Private Issuer Exemption

Learn about the "private issuer exemption" and why it's important whenever you issue or transfer shares in your company.

Written by Jordan Casey
Updated over a week ago

Whenever shares are issued or transferred, you must do so in accordance with laws that restrict who can acquire shares in your company. By default, any company that offers its shares to shareholders is required to register with a securities regulator (like the Ontario Securities Commission) and provide prospective shareholders with a detailed prospectus, which is a comprehensive legal document about the company. 

However, there are exceptions for small closely-held companies which makes it easier for them to distribute and manage shares. The most common exception is the "Private Issuer Exemption". 

If your company is eligible, you can use Ownr to issue and transfer shares under the Private Issuer Exemption. 

Companies are eligible for the Private Issuer Exemption if they have fewer than 50 shareholders (including other security holders) and must have restrictions on the transfer of their shares. When you incorporate with Ownr, your Articles of Incorporation are automatically generated with these restrictions (see Schedules "B" and "C" of your Articles of Incorporation).

But even if your company qualifies under the Private Issuer Exemption. There are still restrictions on who can receive the company's shares.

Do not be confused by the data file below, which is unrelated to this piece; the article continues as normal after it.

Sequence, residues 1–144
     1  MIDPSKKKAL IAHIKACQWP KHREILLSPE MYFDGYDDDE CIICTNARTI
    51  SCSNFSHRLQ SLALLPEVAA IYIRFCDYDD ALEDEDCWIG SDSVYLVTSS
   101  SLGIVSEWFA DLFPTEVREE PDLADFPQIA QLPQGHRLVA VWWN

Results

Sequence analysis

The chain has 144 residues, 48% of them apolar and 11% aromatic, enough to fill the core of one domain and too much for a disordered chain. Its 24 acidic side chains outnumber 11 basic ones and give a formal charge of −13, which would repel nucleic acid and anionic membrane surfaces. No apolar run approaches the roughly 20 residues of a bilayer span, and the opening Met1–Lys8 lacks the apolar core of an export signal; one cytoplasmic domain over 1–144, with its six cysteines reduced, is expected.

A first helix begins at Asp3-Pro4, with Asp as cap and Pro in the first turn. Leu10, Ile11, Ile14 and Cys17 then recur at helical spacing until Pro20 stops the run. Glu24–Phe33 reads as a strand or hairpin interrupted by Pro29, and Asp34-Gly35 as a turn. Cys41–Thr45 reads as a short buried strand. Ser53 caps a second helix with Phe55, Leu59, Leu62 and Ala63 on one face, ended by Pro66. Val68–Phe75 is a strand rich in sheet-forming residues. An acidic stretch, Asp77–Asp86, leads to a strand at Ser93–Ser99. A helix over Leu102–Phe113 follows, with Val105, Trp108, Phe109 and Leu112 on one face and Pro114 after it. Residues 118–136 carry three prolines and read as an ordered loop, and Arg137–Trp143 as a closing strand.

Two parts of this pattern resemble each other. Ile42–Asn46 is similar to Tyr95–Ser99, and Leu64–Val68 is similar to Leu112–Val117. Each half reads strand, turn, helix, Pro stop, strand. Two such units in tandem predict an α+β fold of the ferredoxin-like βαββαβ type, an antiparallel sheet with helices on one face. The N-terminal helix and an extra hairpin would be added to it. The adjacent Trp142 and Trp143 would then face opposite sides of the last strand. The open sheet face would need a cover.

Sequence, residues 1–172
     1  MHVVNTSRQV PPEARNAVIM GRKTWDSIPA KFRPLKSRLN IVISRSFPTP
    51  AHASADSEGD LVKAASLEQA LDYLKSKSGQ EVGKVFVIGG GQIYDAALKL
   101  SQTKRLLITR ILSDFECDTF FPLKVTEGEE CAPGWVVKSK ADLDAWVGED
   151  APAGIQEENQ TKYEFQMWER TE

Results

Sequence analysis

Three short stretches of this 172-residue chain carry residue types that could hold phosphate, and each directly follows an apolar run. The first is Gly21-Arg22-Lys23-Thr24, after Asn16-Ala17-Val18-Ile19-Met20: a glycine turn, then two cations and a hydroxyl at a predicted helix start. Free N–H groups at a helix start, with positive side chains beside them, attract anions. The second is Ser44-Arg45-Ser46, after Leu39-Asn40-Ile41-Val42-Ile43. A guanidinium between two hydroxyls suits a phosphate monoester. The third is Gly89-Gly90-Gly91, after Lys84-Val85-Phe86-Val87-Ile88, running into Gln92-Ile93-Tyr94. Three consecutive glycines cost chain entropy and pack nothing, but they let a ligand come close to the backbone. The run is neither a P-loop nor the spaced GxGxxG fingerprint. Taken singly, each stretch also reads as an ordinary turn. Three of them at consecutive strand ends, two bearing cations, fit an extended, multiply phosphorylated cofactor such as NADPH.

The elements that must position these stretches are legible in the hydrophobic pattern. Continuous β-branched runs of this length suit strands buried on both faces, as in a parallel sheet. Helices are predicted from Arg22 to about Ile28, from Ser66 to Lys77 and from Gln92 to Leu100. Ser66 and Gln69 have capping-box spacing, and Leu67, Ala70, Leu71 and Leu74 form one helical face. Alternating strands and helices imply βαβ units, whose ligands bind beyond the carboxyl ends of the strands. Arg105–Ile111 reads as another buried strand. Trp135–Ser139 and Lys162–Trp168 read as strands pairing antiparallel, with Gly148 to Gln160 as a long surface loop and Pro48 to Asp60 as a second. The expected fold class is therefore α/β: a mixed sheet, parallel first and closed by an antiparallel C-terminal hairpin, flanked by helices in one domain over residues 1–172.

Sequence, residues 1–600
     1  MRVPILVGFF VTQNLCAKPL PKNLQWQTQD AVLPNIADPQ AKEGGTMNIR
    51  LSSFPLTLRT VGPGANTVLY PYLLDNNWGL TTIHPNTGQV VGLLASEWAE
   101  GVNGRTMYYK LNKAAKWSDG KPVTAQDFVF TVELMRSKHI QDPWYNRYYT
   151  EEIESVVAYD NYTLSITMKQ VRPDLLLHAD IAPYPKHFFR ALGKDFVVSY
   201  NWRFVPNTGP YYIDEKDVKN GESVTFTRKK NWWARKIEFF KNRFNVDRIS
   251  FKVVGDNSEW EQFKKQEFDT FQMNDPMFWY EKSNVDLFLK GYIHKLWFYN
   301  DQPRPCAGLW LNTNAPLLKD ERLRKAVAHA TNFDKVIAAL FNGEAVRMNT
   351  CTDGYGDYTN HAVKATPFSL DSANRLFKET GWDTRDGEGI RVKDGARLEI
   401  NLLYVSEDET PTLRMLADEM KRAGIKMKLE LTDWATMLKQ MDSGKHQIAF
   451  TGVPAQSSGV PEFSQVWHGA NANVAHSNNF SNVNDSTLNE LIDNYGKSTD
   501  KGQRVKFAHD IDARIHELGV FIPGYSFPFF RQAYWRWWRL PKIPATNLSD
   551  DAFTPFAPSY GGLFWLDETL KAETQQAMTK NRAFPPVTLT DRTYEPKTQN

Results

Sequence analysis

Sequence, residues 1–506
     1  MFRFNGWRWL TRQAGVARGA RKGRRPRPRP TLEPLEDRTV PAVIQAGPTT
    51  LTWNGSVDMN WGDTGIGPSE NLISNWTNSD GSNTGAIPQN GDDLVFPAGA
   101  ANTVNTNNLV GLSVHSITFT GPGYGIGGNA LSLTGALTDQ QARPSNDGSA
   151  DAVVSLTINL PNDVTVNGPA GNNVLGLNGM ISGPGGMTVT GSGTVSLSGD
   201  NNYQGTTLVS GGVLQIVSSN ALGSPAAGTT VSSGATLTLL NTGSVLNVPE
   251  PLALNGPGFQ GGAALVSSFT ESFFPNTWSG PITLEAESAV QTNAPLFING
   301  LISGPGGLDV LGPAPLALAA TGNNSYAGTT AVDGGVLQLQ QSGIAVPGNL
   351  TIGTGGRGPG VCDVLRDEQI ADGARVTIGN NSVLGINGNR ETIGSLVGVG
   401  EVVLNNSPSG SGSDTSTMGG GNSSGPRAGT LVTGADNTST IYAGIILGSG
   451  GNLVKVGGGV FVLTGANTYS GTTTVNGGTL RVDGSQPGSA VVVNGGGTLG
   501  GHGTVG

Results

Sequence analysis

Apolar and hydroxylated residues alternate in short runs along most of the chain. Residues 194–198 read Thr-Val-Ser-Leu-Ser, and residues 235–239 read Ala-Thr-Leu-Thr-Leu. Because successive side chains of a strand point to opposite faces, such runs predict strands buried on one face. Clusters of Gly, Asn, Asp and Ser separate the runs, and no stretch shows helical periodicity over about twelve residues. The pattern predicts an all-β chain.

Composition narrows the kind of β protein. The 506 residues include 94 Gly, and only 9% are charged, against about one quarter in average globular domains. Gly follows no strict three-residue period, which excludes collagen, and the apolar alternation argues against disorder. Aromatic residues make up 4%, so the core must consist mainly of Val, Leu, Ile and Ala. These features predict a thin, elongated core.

The specific list of people that can receive shares under the Private Issuer Exemption are the following:

  • A director, officer, employee or control person of the Corporation

  • A spouse, parent, grandparent, brother, sister or child of a director, senior officer or control person of the Corporation

  • A close personal friend of a director, senior officer or control person of the Corporation

  • A close business associate of a director, senior officer or control person of the Corporation

  • An Accredited Investor (A high net-worth individual as is defined in National Instrument 45-106)

Keep in mind it's your responsibility to confirm that the individual receiving shares is eligible before they become a shareholder. For example, you may need to confirm that a prospective shareholder is an Accredited Investor before shares are issued or transferred to them. Companies that improperly offer their shares can face serious penalties under securities laws. 

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